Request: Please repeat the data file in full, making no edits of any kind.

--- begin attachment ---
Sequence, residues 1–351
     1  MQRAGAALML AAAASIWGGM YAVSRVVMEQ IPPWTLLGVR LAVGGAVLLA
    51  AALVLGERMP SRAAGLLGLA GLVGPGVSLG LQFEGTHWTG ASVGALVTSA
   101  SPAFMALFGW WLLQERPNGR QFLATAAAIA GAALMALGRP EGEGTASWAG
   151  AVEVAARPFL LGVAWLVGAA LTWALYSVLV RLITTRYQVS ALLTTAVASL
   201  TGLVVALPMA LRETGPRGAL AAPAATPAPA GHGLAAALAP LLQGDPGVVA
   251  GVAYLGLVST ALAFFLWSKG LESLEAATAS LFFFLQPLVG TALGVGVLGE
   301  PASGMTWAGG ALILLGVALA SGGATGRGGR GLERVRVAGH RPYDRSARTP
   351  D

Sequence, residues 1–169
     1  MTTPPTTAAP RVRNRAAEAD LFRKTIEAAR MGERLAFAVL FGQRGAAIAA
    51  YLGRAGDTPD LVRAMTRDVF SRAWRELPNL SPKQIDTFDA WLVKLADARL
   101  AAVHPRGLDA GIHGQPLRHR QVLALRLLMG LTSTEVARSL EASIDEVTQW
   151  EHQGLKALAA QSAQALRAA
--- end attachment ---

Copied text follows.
Sequence, residues 1–351
     1  MQRAGAALML AAAASIWGGM YAVSRVVMEQ IPPWTLLGVR LAVGGAVLLA
    51  AALVLGERMP SRAAGLLGLA GLVGPGVSLG LQFEGTHWTG ASVGALVTSA
   101  SPAFMALFGW WLLQERPNGR QFLATAAAIA GAALMALGRP EGEGTASWAG
   151  AVEVAARPFL LGVAWLVGAA LTWALYSVLV RLITTRYQVS ALLTTAVASL
   201  TGLVVALPMA LRETGPRGAL AAPAATPAPA GHGLAAALAP LLQGDPGVVA
   251  GVAYLGLVST ALAFFLWSKG LESLEAATAS LFFFLQPLVG TALGVGVLGE
   301  PASGMTWAGG ALILLGVALA SGGATGRGGR GLERVRVAGH RPYDRSARTP
   351  D

Sequence, residues 1–169
     1  MTTPPTTAAP RVRNRAAEAD LFRKTIEAAR MGERLAFAVL FGQRGAAIAA
    51  YLGRAGDTPD LVRAMTRDVF SRAWRELPNL SPKQIDTFDA WLVKLADARL
   101  AAVHPRGLDA GIHGQPLRHR QVLALRLLMG LTSTEVARSL EASIDEVTQW
   151  EHQGLKALAA QSAQALRAA